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Student test anxiety relieved by new research

Letting kids look at exams before they begin can help reduce anxiety and improve performance.

Student sitting exam

While NAPLAN marks slip across the country, new research suggests letting kids look at exams before they begin can help reduce anxiety and improve performance.

Child development researcher and PhD student Myrto Mavilidi, from the Early Start Research Institute at UOW, said that test anxiety is a major threat to student performance that can lead them to ‘choking under pressure’.

“The stress related to pressure-filled exam situations has physiological effects, such as increased heart rate and blood pressure, emotional effects, such as worries about the situation and its consequences, and cognitive effects, such as working memory load,” Ms Mavilidi said.

“Our research has found that even letting students skim their exams for one minute before they begin can help to reduce anxiety.”

Researchers from UOW and Erasmus University Rotterdam in the Netherlands tested the math skills of 117 sixth grade students across primary schools in Athens and found that both low-anxiety and high-anxiety students were less stressed and achieved better results if they were allowed to scan the test beforehand.

The study, recently published in the journal Applied Cognitive Psychology, also found that students with higher anxiety levels needed significantly more response time and greater effort because their working memories were consumed by negative thoughts, and so performed worse on their exams.

“We have a very limited working memory capacity so if children are anxious they devote more of their working memory to their anxieties instead of their working potential,” Ms Mavilidi said.

Rather than focusing on the math problems, which they were often able to answer outside of exam conditions, Ms Mavilidi said students were instead occupied with thoughts of failure or making mistakes.

“At that age children don’t really know what works best for them. But if teachers can suggest some techniques for them, then that can be very helpful.”

Ms Mavilidi said parents and teachers could help better prepare children for exams not only by focusing on the materials that have to be learned, but also on testing. She said a technique called formative testing, whereby learning is constantly monitored and ongoing constructive feedback provided, is a way for parents and teachers to help students.

“Recent research shows that formative testing is a very effective learning method, which leads to better performance on exams than simply restudying the learning materials.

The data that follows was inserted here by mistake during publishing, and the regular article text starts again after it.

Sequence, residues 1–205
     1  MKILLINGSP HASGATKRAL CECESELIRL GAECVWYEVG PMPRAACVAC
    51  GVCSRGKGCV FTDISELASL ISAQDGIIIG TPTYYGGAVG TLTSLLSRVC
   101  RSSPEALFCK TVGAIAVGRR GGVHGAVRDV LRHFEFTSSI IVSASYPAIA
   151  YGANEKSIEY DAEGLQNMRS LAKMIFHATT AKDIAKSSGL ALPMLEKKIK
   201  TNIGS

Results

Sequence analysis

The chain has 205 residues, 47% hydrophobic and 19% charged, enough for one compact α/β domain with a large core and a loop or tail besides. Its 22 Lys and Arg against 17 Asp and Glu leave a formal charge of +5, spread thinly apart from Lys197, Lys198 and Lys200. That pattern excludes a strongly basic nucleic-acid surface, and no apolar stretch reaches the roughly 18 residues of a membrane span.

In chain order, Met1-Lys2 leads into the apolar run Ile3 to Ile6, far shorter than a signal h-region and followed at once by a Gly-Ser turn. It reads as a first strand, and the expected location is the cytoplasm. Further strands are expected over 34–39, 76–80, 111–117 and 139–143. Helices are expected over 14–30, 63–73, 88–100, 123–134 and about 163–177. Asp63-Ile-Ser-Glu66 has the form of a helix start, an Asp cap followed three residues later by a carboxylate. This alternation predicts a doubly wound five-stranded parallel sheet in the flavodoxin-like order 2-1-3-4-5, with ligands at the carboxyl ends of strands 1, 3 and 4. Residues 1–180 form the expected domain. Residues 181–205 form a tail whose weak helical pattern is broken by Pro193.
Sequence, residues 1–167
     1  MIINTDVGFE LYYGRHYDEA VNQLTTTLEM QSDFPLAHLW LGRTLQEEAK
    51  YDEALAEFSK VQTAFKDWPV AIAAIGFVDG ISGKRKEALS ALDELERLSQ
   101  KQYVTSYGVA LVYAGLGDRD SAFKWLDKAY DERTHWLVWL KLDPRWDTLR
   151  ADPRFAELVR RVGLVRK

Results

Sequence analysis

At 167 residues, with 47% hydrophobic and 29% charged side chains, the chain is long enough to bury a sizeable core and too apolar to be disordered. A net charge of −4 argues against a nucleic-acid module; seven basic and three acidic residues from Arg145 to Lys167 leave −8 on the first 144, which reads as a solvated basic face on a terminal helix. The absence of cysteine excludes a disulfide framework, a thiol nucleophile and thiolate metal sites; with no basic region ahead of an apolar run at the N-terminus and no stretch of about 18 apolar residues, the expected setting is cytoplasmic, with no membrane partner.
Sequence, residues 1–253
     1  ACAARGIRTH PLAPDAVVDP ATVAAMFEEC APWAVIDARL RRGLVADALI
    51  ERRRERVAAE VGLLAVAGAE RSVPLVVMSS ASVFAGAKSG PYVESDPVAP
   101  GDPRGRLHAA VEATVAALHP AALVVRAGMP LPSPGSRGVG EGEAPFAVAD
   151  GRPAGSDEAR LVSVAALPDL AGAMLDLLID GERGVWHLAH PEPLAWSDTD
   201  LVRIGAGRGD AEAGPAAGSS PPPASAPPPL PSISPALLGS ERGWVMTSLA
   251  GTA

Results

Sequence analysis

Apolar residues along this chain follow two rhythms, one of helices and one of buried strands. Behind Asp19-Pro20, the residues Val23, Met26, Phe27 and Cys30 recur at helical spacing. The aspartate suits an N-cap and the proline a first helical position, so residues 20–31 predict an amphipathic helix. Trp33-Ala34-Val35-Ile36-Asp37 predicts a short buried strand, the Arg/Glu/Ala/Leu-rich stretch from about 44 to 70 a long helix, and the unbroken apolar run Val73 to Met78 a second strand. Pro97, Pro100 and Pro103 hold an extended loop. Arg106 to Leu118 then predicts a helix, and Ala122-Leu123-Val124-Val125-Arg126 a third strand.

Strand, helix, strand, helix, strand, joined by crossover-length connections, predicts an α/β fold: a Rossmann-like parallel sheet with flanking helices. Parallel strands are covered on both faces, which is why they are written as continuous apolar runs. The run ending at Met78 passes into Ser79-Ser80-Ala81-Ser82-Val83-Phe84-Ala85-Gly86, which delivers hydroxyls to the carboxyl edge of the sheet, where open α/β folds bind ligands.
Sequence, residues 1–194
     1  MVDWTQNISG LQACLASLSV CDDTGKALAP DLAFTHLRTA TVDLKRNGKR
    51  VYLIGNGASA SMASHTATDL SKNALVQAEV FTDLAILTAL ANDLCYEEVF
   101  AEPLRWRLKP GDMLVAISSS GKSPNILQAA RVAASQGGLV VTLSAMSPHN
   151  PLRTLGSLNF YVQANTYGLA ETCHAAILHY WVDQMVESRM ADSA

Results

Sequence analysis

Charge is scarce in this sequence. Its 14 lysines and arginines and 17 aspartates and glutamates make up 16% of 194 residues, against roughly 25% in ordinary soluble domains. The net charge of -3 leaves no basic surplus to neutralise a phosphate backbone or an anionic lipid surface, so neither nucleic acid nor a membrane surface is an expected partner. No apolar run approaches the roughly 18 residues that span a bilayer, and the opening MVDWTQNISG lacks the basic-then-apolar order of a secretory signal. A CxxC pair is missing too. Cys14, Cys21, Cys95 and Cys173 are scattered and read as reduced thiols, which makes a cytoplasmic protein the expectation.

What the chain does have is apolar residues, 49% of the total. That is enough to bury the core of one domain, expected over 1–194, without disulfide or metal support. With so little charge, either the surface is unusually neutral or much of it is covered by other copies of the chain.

“For example, students could keep a ‘learning log’ of the material they are learning to identify what they are on top of and what they are struggling with. They could also create a visual representation to explain tough concepts or have an open-ended discussion about a topic to see how much they know about a specific area.”

“Frequent formative testing cannot only lead to better learning, but also to less anxiety on high-stakes exams.”

Ms Mavilidi said other techniques to help students get through exams include: sequencing test problems from simple to complex, making the test situation similar to the learning situation, minimising distraction and having a good sleep between the learning and testing situation.

Ms Mavilidi said Australian policy makers should reconsider how we are schooling our kids, with research from another recent study showing seven out of 10 teachers did not see that NAPLAN was improving literacy and numeracy. 

“Our research is something that could apply to any educational institute and something educational policy officers need to consider,” she said.

Media contact: Myrto Mavilidi is available for interview. Please contact Elise Pitt, Media & PR Officer, +61 2 4221 3079, +61 422 959 953,

About Early StartFrom the simple premise, “every child deserves the best possible start to life” we are developing the most sophisticated teaching, research and community engagement initiative in higher education. Early Start is a $44million transformational project that aims to create and enrich life opportunities for young Australians from birth – 12 years. It consists of building a world-class Children’s Discovery Centre (Australia’s only example of a USA-styled ‘children’s museum’ promoting learning through play and the importance of life-long learning); an international hub for multi-disciplinary research tackling issues as varied as early cognitive development, healthy lifestyles and inspiring creativity in our young; cutting-edge early childhood courses; and a network of preschools across New South Wales which act as test beds for putting pioneering research into practise.